Parties are also required to agree to a proposed trial management plan at least thirty (30) days prior to the pre-trial conference, which must include a list of every witness whose evidence will be adduced, and an outline of how much time each party will take to examine witnesses, and to present opening statements and oral argument.
Parties are required to file at least five (5) days prior to the pre-trial conference: the proposed trial management plan, a copy of the party’s affidavit of documents and copies of the documents relied on for the party’s claim or defence, a copy of any expert affidavit (which must now append the expert’s report for the purpose of introducing it as evidence).
The new rules also require that the following materials must be delivered at least five (5) days prior to the pre-trial conference: a statement, not exceeding three pages, setting out the issues and the party’s position with respect to them, and a trial management checklist.
Lastly, the entire trial cannot exceed five (5) days.
With respect to the pre-trial conference, the new rules require that the pre-trial conference judge or case management master shall: fix the number of witnesses (except expert witnesses) whose evidence each party may adduce at trial; fix dates for the delivery or any witness affidavits; fix a date for trial, and approve the parties’ proposed trial management plan.
Removal of Summary Trials as a Mode of Trial
Summary trials are no longer a mode of trial available under Simplified Procedure. Prior to the new changes to Rule 76, trials could proceed as either a summary trial or an ordinary trial. Summary trials had time limits on the proceedings (such as how long the plaintiff was allowed to examine the deponent of any affidavit served by the plaintiff), and as such were a faster and more expedient way to resolve the matter.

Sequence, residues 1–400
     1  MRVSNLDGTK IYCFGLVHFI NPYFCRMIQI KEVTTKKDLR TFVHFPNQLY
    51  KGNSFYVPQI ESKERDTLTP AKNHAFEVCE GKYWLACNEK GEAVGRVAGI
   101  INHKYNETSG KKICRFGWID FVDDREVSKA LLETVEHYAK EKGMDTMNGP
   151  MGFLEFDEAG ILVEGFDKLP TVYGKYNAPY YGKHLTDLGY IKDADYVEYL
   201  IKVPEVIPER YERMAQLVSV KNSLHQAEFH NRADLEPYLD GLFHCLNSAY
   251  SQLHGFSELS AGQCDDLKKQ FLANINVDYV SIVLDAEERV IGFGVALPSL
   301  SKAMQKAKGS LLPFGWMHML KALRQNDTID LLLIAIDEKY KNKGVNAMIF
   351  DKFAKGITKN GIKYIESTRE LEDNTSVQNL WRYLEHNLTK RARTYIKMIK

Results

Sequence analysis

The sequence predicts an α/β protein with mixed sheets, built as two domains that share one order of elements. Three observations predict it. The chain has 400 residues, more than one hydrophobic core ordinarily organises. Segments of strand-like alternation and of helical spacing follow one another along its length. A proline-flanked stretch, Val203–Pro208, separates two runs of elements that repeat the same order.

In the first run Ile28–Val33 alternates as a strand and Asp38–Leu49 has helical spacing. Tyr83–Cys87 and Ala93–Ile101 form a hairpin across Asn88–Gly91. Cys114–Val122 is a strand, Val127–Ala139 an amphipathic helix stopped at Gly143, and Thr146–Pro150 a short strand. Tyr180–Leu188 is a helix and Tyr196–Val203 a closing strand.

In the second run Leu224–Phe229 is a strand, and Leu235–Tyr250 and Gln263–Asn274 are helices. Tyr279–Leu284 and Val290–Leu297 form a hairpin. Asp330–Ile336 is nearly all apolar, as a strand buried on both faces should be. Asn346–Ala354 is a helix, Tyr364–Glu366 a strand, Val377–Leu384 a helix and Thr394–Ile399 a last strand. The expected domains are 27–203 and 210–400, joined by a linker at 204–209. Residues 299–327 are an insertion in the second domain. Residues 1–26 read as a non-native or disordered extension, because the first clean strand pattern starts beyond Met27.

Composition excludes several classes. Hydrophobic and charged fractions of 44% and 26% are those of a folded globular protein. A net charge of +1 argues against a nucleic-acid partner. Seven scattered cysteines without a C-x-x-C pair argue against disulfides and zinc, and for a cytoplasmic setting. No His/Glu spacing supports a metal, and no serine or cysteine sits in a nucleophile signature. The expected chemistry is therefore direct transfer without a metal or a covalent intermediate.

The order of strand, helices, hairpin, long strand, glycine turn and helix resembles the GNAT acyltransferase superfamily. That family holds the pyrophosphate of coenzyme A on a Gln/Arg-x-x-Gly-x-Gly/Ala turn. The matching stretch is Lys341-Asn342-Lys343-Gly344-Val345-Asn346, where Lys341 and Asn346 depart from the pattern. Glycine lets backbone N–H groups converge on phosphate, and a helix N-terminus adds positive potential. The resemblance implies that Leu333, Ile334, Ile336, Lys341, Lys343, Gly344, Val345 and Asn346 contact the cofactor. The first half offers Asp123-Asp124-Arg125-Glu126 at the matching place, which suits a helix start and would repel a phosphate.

Trials Cannot be Longer than Five Days
Trials cannot exceed five (5) days and will contain the following procedure: opening statement, adducing evidence (by affidavit), cross-examination by adverse party, re-examination by party who adduced the evidence, adducing reply evidence, and oral argument.
Consequences of the Amendments to Rule 76 and Small Claims Court Monetary Limit
Parties intending to proceed under Simplified Procedure after January 1st, 2020 should keep a few things in mind: the restriction of trials to a maximum of five (5) days, the restriction on recovery of costs and disbursements, the elimination of summary trials, and the removal of jury trials.
If a party is intending to adduce extensive evidence, including calling numerous expert witnesses, who must now adduce their evidence via affidavits, and is likely going to incur significant legal fees, it may be beneficial for that party to proceed under the ordinary procedure rather than pursue a claim under Simplified Procedure. Similarly, a party who knows that the claim is complicated and the proceedings will require more than five (5) trial dates, should reconsider pursuing a claim under Simplified Procedure.
Finally, it should be noted that if a party has a claim that would entitle them to an award greater than $35,000, they can still bring the claim at Small Claims Court, as long as they decrease the award they are seeking to $35,000 or less.